Farewell, My Shovel

It was 7:30 a.m. last Friday morning when Ivy the Wonder Cat and I were playing chess on the coffee table or at least Ivy’s version of chess, knocking the chess pieces off the table and meowing with joy.

Then I heard it!

You’d think it was the sound of “a miniature sleigh and eight tiny reindeer” with the speed at which I flew to the window, but no. It was the snow plow… The snow plow I hired to clear my driveway, making its very first visit!

For those who might not be familiar with an Ottawa winter, let’s just put things into perspective. While different sources offer different statistics, I’d say that on average, Ottawa receives about 200 cm (roughly 78 inches) of snow through the fall, winter and spring months.

Of course it doesn’t fall at once. Sometimes it falls as light fluffy flakes, sometimes it comes with ice pellets and sometimes it is wet and heavy. As an added bonus, after the plow (or plough, if you prefer) comes to clear the street, there is always a heavy (and sometimes mountainous) snow bank at the end of the driveway that needs to be cleared as well.

Plus, when you have a winter like 2008 with more than 300 cm of snow, and all of the snowbanks start getting taller than you, where do you put the snow?

For the longest time, I thought that hiring a plowing service might have been frivolous or extravagant, especially since my driveway is barely over one car length. But I had to accept the sad reality that the degenerating disc in my back will continue to degenerate, and that the shoveling is probably not helping it in the long run.

I tried to convince myself that it was good exercise and that it was one of the joys (and responsibilities) of home ownership. But 17 winters later, my positive spin on shoveling is spiraling downward. I’m over it.

After having spent the last two winters experiencing periods of back pain (directly related to the shoveling), and having to make time for more chiropractor visits, was it worth it?

As a runner, I recognize the importance of keeping my body in good shape and that regular stretching (much like yoga moves) has helped to prevent injury over the years. But preparing for shoveling is like training for a sport in itself when every shovel full of wet heavy snow can weigh quite a bit, and the movements involved in snow clearing can be awkward and dangerous if one does not pay attention.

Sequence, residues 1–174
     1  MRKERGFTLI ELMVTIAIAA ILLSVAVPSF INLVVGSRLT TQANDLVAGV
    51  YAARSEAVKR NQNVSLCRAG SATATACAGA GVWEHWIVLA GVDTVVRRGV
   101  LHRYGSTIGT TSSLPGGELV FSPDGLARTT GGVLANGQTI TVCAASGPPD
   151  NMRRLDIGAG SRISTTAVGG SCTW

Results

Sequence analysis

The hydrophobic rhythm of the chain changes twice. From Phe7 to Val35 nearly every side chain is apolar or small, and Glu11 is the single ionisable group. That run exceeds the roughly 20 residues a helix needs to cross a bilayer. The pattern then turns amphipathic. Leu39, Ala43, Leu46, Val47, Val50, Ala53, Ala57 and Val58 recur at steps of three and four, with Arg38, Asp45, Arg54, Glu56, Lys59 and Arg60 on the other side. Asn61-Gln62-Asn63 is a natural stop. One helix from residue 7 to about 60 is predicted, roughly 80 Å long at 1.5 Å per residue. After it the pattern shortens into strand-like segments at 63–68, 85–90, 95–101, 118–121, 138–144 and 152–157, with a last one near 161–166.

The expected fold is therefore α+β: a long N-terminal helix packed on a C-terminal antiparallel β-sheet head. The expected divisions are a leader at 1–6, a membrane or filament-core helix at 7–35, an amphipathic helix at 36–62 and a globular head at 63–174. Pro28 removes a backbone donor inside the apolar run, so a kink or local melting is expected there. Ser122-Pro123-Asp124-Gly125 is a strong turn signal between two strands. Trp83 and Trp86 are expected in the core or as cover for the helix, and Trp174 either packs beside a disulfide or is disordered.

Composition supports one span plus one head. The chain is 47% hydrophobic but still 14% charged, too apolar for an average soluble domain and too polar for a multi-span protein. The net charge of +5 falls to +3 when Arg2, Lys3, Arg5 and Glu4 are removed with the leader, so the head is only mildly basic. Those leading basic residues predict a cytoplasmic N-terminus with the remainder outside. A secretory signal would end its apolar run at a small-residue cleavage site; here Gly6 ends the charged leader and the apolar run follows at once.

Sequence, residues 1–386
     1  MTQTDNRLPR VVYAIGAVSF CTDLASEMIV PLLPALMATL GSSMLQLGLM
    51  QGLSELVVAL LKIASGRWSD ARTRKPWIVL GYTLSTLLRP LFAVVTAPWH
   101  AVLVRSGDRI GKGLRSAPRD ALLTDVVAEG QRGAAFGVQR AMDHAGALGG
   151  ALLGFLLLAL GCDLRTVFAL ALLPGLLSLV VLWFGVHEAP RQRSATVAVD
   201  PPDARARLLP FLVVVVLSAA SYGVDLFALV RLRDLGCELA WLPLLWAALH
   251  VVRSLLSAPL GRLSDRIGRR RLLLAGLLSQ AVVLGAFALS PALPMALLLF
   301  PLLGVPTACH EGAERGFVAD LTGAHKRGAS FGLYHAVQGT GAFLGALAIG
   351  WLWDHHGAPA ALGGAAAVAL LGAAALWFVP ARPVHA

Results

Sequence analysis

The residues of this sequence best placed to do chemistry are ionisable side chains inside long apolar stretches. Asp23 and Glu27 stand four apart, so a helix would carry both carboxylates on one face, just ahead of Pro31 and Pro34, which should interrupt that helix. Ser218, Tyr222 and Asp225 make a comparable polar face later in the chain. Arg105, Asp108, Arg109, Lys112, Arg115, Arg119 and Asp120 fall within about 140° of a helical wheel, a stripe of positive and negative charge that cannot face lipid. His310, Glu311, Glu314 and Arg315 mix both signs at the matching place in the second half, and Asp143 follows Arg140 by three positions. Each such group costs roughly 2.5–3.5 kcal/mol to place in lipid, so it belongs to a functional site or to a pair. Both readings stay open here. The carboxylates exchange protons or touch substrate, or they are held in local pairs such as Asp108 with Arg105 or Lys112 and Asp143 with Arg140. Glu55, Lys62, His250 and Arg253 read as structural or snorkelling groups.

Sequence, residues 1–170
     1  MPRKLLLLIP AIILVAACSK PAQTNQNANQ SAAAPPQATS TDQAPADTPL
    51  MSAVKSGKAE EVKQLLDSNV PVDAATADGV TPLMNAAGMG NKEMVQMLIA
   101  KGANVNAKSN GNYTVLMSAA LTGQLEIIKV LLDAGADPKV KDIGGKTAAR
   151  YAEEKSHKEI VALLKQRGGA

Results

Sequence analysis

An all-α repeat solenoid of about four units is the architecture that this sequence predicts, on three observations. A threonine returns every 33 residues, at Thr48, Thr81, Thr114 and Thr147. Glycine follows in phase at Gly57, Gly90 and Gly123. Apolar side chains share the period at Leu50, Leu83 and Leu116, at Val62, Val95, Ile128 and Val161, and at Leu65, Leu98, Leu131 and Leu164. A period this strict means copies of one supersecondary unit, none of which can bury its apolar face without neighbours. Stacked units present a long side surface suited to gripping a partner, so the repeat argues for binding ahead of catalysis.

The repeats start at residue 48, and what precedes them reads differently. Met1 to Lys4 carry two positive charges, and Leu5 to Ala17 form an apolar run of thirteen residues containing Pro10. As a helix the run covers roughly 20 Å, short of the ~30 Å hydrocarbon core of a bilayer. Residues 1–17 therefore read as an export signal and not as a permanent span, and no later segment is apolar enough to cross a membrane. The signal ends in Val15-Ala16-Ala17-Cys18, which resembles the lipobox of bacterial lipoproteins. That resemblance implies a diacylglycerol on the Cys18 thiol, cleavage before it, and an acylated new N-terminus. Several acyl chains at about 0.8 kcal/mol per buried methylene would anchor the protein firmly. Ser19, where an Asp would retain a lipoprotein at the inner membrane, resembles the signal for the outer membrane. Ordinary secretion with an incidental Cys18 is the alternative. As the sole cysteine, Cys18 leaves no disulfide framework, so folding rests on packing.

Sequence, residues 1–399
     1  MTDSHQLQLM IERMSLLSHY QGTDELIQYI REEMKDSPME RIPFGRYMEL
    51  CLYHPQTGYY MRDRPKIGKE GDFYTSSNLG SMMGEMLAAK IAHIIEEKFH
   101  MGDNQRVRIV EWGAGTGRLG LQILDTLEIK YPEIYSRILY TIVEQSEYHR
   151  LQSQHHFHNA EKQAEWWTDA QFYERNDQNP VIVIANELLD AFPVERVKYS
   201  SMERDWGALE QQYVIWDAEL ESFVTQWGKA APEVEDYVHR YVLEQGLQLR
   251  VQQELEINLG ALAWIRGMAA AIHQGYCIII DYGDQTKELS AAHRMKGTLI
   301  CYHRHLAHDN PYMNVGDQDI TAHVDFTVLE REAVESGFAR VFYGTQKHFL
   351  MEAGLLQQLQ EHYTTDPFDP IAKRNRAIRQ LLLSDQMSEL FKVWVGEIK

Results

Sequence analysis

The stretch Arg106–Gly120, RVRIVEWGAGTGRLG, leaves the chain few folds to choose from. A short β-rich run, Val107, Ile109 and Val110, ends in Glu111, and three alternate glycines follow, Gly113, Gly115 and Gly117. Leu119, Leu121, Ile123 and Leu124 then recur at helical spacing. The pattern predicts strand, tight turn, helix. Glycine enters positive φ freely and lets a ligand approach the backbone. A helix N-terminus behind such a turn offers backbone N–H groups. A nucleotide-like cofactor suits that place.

Then came the bitter admission that I just don’t bounce back from back injury like I used to. It’s called getting older. It sucks, but it’s a fact of life.

Plus, while I never considered myself a candidate for a fatal heart attack, sedentary men over 50 are most at risk from the strains of shoveling, so why tempt fate?

As much as I felt like I was being a wimp for not doing it myself, I knew in my heart that it was time to cast aside my pride and to call it quits.

Over the fall, I priced out a few different contractors and found prices to be far more reasonable than when I priced them out 5 years ago, the last time my back wasn’t feeling great. The quotes were in the same ball park as the price of 6 visits to the chiropractor. For the pain I could potentially avoid, the expense now made sense.

I ended up hiring the company that was highly recommended by a good friend.

And on this beautiful snowy morning, here was the plow! The pure joy I felt defies words. I didn’t have to break out in a sweat, I didn’t have to risk my back’s wellness and I didn’t have to worry. Sixty seconds after the driveway was cleared, I knew I had made the right decision.

I laughed a devilish laugh at the realization that I may have partially won the war against Old Man Winter. It was in that moment that I realized that aside from the 3 feet of pathway in front of my house, I really don’t need to even think, plan or set aside time for shoveling this winter. At all… Ever…

That is when I realized how much of an irritant it was, not only for my back, but for my outlook on winter itself.

Maybe if I didn’t have to shovel 40-50 times in a season and risk injury, might I enjoy winter more, from the comfort of the great indoors, snuggled up with a good book, a cup of tea and Miss Ivy purring contentedly by my side?

Now, will I see every new snowfall for its romantic natural beauty, rather than a risk to my health and safety?

Could I put the reclaimed time toward a less risky form of exercise, to stay healthy, fit and happy through the winter months?

In retrospect, maybe hiring a plowing service was a better idea than I thought. Now I wonder why I waited so long.